Get up Close and Personal with Dangerous Animals at the Museum of Natural History

Like to think of yourself as a nature lover but don’t really want to head outdoors in the searing summer heat?

Need to hire a mountain lion, camel or reindeer for the next Christmas party?

Seen the movie A Night at the Museum and loved it?

If you answered “yes” to any of the above then one of Perth’s best-kept secrets is well worth a visit.

Located in Guildford, about 12 km from the centre of Perth, is The Museum of Natural History and Academy of Taxidermy.

Okay, so it may not be the Smithsonian Institution and the animals and exhibitions may not come alive every night due to an ancient curse like in the movie, but be prepared to stop and marvel at the craft of taxidermist Michael Buzza who has been in the business for over 40 years.

Taxidermy is the art of preserving animals by preparing their skins, stuffing them and mounting them to look lifelike.


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If the sleeping dog at the entrance to the museum and workshop at 131 James Street, Guildford is anything to go by, then
Michael is a true artist. Many are fooled by the dog: it is only when it doesn’t respond to pats that they realise it isn’t alive. Unfortunately it was killed in a car accident but has been preserved to welcome guests to the Art Deco museum that doubles as Michael’s home.

For a $2 entry fee, there is everything on display from a great white shark, large mammals and a giraffe to fish, reptiles and insects. Michael is also happy for visitors to come and watch while he works on the preservation of his latest animal. The bit where he hydroblasts the remaining flesh from the bones may not be for the fainthearted!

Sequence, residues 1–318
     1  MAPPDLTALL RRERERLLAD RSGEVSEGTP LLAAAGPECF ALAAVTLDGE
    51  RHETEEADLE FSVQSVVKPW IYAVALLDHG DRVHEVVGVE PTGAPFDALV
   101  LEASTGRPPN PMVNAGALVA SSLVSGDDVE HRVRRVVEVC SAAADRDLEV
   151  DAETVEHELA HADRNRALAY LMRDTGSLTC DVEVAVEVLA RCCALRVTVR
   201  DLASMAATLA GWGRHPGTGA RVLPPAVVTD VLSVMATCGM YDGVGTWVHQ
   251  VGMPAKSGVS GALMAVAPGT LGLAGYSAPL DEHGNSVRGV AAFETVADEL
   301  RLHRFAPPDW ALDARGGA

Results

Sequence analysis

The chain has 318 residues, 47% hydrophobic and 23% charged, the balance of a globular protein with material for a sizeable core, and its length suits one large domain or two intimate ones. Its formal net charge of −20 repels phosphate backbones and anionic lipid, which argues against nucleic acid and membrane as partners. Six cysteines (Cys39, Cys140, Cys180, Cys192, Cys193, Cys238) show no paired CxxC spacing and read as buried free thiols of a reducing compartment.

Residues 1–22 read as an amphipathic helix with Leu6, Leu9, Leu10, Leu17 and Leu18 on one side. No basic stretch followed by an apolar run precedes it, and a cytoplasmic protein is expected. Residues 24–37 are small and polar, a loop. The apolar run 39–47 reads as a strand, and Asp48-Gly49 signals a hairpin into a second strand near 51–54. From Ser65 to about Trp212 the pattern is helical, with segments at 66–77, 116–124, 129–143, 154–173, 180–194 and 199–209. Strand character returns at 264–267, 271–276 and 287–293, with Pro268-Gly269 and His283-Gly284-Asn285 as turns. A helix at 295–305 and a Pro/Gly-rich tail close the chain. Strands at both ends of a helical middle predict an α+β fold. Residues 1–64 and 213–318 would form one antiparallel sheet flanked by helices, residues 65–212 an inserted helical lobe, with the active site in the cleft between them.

Michael likens taxidermy to taking apart and putting back together a giant jigsaw puzzle which he lays out on the ground in sections. Putting the animal back together involves moulding, sewing, painting, air brushing and creating glass eyes. Where feathers are involved, they will also be shampooed and blow dried.


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Apart from being on display for the general public to view, Michael’s animals are often hired by a range of groups
and organisations for different reasons including film and television.  Imagine having a lifelike mountain lion in your school play or a saltwater crocodile keep watch at your next pool party?

Speaking of parties, the museum is happy to host birthday parties. Now that would definitely be something different to keep guests talking long after the event! Or how about taking a course in taxidermy which is also an option? What a conversation starter that would be.

How to get to Guildford

If travelling by car from Perth city centre, take either Great Eastern Highway or Guildford Road (from Lord Street) as both eventually meet up near James Street. For those travelling by public transport from the city, take the train east on the Midland Line to Guildford Train Station.

Other Perth Walkabout Articles

Step Back in Time and Explore Historic Guildford on the Swan River

Fremantle Flourishes with Harbour Views and Rich History

Claremont - The Old Perth Suburb with Everything

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